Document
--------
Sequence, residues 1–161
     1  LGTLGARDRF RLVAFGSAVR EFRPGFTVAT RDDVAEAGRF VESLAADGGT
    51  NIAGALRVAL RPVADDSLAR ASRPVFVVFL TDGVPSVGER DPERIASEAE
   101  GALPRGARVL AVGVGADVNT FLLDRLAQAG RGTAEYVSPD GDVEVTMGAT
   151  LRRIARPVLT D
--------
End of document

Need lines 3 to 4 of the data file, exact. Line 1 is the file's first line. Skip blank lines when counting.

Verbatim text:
    51  NIAGALRVAL RPVADDSLAR ASRPVFVVFL TDGVPSVGER DPERIASEAE
   101  GALPRGARVL AVGVGADVNT FLLDRLAQAG RGTAEYVSPD GDVEVTMGAT